We’re increasingly seeing larger and larger projects and portfolios coming in with extremely low PPA rates, sometimes as low as 4 – 5 cents/kWh. Why? Or better yet, how?
As costs have come down – both on the soft costs and also hard with falling technology prices – more markets have opened up for utility-scale projects that may sell electricity to utilities at wholesale or avoided cost rates (slightly higher, but still low). These projects, with no net metering or behind-the-meter designation, are known as “qualifying facilities” under the Public Utility Regulatory Policies Act (PURPA). As such, utilities are required by law to buy the power from these facilities. For a refresher on PURPA, check out our March edition of SOURCE, where we predicted that PURPA would become an increasing driver of solar development as costs come down, and incentive programs dry up in other states.
Where is this development happening? Interestingly enough, most of the development has been in non-traditional solar states, such as the Pacific Northwest, Texas, Idaho, Montana, and parts of the Midwest. In some cases, developers who were very active in North Carolina’s utility-scale market have moved to these relatively untapped markets, as deals are structured similarly.
While costs continue to fall and make these low PPA rates possible, risk is still on the table, especially as the industry awaits clarity on whether commence construction language will be granted by Congress. Will these large projects that are emerging in these markets meet a December 31, 2016 placed in service deadline? Remember: 2016 will be the year of “get it done, and fast.” Any additional execution risk, already unwelcome in any normal year, will not be tolerated by a rational investor.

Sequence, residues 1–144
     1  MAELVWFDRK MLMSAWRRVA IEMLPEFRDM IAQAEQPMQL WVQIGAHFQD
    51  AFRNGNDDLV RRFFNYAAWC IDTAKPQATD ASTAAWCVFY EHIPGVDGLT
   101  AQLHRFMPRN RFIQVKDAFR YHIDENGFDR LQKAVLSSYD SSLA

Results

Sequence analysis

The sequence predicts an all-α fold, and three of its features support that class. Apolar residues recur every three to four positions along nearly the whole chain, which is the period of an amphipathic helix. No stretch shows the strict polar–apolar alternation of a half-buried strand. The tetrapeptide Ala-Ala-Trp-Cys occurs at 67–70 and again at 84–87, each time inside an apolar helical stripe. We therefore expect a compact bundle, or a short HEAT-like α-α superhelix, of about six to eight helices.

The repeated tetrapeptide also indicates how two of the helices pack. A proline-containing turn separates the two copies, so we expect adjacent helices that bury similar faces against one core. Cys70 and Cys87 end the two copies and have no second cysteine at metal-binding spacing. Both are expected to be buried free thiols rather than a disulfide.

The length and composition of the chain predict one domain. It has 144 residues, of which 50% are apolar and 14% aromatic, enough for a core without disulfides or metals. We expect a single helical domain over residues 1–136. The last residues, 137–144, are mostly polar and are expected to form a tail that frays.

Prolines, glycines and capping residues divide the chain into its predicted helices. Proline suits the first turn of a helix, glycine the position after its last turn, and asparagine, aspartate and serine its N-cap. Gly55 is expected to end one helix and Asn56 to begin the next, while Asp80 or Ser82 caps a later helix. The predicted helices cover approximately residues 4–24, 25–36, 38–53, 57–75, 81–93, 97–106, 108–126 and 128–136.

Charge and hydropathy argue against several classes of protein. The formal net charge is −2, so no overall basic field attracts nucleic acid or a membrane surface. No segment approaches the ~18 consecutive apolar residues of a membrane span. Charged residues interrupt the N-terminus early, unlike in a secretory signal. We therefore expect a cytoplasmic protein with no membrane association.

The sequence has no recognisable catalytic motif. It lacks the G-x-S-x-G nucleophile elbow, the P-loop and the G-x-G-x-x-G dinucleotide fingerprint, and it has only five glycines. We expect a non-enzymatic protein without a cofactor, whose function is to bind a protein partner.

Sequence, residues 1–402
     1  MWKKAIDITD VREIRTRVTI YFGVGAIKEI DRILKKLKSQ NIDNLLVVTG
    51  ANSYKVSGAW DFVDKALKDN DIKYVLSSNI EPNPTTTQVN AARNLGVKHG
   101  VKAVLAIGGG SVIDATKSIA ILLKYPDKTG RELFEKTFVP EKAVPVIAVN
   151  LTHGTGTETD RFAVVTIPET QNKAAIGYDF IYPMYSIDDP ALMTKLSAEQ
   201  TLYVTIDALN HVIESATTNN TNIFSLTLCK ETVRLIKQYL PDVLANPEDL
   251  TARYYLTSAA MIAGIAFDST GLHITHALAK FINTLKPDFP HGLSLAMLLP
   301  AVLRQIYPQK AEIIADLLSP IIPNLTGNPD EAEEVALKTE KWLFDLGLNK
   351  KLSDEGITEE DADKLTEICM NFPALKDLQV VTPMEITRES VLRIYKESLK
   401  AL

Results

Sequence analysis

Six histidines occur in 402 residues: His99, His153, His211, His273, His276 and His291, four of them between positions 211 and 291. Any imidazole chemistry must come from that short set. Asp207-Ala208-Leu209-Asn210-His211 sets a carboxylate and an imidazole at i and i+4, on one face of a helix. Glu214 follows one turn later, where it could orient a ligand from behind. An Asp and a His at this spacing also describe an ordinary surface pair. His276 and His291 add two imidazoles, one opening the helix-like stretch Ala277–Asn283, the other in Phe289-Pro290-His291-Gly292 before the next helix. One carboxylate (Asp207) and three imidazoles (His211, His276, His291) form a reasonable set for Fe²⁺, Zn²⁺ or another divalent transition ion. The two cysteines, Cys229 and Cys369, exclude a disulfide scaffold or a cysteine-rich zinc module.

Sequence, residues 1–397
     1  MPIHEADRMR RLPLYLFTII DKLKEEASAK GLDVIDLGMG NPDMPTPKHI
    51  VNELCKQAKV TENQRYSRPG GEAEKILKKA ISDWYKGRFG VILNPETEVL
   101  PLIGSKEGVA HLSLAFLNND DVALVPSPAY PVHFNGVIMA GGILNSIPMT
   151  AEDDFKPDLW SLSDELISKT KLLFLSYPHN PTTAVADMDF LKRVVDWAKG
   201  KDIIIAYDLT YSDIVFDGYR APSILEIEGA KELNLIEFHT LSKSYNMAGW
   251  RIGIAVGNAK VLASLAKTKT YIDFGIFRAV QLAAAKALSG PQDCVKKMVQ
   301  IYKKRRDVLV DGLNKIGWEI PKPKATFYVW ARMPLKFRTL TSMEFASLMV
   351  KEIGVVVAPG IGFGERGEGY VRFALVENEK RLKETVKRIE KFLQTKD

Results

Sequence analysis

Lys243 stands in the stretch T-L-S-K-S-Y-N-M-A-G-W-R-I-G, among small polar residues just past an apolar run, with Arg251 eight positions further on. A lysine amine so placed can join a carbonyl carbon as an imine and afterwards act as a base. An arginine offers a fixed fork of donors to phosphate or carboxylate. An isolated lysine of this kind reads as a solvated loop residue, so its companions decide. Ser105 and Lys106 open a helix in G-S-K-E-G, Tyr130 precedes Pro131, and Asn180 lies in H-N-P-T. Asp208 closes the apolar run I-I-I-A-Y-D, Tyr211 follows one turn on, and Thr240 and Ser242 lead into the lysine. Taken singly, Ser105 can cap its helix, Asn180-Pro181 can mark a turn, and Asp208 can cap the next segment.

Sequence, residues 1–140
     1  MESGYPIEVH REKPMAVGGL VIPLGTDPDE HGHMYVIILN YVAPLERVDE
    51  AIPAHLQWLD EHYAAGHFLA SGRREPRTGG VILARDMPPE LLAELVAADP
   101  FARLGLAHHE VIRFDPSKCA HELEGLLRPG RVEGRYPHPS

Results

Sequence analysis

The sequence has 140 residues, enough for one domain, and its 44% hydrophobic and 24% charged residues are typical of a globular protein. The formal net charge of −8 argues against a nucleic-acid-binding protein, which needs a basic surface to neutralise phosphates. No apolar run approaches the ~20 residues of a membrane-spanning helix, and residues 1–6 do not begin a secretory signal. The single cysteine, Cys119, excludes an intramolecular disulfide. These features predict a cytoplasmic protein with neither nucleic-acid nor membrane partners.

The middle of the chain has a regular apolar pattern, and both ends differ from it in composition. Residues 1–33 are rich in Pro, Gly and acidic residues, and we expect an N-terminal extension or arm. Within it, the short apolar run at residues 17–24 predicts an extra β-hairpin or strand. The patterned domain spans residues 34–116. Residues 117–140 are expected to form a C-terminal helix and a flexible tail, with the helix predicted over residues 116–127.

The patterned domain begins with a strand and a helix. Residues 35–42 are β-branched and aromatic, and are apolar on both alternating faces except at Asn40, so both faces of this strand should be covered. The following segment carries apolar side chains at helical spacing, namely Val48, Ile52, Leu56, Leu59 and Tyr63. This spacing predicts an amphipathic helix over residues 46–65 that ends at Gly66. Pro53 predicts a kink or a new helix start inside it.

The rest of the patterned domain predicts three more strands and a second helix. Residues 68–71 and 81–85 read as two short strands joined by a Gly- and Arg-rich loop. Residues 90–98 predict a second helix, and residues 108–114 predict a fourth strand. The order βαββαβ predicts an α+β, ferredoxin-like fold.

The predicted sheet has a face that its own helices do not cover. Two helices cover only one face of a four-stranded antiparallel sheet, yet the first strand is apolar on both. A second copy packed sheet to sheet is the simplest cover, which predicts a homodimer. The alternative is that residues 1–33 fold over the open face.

Unfortunately, even with the cost wins, these markets will become out of reach with a 10% solar investment tax credit (ITC) with current costs and financing structures. The moral of the story? Unless commence construction or an ITC extension is achieved, expect the PURPA solar surge to fade, as only the most efficient developers and financiers can tackle these large-and-low-rate deals.
This is an excerpt from our December edition of SOURCE: the Sol Project Finance Journal, a monthly electronic newsletter analyzing the solar industry’s latest trends based on our unique position in the solar financing space. To view the full Journal or subscribe, please e-mail firstname.lastname@example.org.
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